Referring to FIGS. 51-58, the chin rest 550 can pivot from a folded position adjacent tubes 210, 220 to a perpendicular extended position by rotating relative to chin rest hinge pin 140. The chin rest 550 can rotate in 45 degree increments about chin rest hex shaft 590. The hex core 570 inside the cushion 560 fits over hex shaft 590 and indexes radially 580 to facilitate adjustment of the cushion 560 in approximately 45 degree increments.

FIG. 59 is a top perspective view of the headrest 440 of the preceding Figures with the adjustable chin rest 550. The chin rest 550 is adjusted to its maximum height.

FIG. 60 is another top perspective view of the headrest 440 of FIG. 59 with the chin rest 550 adjusted 45 degrees from its maximum height.

FIG. 61 is another top perspective view of the headrest 440 of FIG. 59 with the chin rest 550 adjusted 90 degrees from its maximum height.

FIG. 62 is another top perspective view of the headrest 440 of FIG. 59 with the chin rest 550 adjusted 135 degrees from its maximum height.

FIG. 63 is another top perspective view of the headrest 440 of FIG. 59 with the chin rest 550 adjusted 180 degrees from its maximum height. This is the chin rests minimum height. Rotational adjustment can be up to approximately 225 degrees, approximately 270 degrees, and approximately 315 degrees.

FIG. 64 is another top perspective view of the headrest 440 of FIG. 63 with the chin rest 550 folded up against tube 210.

FIG. 65 is a perspective view of the chin rest 440 of the preceding Figures hooked over the side of a seat back 180 with the user 190 resting the side of their head against the chin rest cushion 560. FIG. 66 shows an alternate use to the original configuration of hooking the chin rest 440 over the top of the seat back 180 and resting your chin on the rest as shown in previous Figures.

FIG. 66 is a rear perspective view of the headrest 440 with a chin rest pad 600 and slotted portion 610, with the chin rest 600 shown folded down.

FIG. 67 shows the chin rest pad 600 folded up with the top tube 210 nesting into the chin rest pad slot 610.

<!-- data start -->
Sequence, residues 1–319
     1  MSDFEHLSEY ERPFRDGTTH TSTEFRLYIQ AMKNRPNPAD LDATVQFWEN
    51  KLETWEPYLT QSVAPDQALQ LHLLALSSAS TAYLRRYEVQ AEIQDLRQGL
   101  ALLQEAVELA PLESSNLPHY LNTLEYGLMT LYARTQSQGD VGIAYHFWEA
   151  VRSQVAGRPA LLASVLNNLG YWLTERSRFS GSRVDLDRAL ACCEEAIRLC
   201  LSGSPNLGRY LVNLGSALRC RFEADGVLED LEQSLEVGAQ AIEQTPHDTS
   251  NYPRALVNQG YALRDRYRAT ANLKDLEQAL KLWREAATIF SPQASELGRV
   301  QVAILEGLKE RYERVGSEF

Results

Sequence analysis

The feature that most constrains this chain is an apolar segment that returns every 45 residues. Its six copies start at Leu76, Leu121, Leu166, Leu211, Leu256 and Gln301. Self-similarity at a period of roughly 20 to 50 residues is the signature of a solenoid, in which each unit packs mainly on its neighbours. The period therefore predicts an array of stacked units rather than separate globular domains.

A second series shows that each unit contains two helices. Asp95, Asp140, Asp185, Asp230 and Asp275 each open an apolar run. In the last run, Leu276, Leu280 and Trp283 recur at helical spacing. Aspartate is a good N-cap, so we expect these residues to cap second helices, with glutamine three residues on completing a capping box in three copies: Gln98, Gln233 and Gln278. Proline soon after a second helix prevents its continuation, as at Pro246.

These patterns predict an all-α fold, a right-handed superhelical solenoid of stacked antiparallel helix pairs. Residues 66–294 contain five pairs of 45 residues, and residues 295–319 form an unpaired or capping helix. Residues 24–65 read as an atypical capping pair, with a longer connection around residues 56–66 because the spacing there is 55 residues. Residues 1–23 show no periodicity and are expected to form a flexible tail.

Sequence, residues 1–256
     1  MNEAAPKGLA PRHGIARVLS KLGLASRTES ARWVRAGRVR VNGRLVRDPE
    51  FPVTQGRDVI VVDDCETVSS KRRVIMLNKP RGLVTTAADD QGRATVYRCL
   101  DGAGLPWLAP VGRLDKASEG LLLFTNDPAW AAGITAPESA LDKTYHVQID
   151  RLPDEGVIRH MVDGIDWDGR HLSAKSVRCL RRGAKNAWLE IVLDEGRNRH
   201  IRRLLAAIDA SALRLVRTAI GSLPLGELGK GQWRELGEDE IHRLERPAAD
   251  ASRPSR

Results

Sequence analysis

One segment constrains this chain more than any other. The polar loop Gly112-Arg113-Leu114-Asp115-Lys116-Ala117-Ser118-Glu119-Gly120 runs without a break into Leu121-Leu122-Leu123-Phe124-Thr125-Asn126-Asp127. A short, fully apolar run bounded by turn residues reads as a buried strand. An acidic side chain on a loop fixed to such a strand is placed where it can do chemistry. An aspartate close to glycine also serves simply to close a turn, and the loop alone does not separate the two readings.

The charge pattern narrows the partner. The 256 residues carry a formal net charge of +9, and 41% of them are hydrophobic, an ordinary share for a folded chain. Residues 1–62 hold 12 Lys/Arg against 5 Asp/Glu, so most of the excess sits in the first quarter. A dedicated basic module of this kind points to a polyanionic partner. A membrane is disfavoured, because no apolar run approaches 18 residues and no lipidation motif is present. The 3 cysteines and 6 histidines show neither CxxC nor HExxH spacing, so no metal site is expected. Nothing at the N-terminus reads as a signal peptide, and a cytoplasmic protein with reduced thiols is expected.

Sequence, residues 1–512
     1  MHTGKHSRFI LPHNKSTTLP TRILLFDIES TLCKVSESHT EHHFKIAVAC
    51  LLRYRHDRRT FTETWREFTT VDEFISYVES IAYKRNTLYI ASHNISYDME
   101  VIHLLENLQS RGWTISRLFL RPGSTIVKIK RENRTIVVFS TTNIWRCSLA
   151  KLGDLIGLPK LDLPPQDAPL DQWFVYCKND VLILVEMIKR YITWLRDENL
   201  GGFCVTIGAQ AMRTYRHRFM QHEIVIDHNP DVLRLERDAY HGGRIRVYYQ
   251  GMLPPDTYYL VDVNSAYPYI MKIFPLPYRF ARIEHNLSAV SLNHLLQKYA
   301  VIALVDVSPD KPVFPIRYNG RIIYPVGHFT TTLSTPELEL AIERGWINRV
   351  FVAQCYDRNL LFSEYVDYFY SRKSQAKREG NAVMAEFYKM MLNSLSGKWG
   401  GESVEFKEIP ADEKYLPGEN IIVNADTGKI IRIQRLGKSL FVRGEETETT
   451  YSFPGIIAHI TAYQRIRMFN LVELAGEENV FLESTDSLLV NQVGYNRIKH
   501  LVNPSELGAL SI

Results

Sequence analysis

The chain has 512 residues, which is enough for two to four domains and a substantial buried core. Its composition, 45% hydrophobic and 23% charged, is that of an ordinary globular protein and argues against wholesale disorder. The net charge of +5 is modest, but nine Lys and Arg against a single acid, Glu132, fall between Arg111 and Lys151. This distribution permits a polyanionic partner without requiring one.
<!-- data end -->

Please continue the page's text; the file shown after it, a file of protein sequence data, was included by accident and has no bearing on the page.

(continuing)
With the pad slot 610, the top tube 210 can rest inside the pad 600 reducing the space needed for storage of the headrest 440. Also, in the configuration shown in FIG. 67, the headrest 440, the hook 450 with hook leg 460 can be wrapped over the top of a seat back so that the user can also rest their head against the rear surface of the chin rest pad 600.

While some embodiments show cushions on the chin rests, the invention can be alternatively used with cushions wrapped about the vertical members, or having separate cushions about the chin rest and about the vertical members.

The invention can be used with a pillow also positioned on the chin rest that has no cushion or includes a cushion.

While a preferred embodiment of the invention uses the novel headrest on airplane passenger seats, the novel headrests can be used on other types of seats, such as but not limited to bus passenger seats, train passenger seats, automobile seats, truck seats, van seats, and the like.

Although some components have been described as being made of metal, the components can be made of different types of materials, such as but not limited to plastic, or vice versa, combinations of metal and plastic, and the like.

While the invention has been described, disclosed, illustrated and shown in various terms of certain embodiments or modifications which it has presumed in practice, the scope of the invention is not intended to be, nor should it be deemed to be, limited thereby and such other modifications or embodiments as may be suggested by the teachings herein are particularly reserved especially as they fall within the breadth and scope of the claims here appended.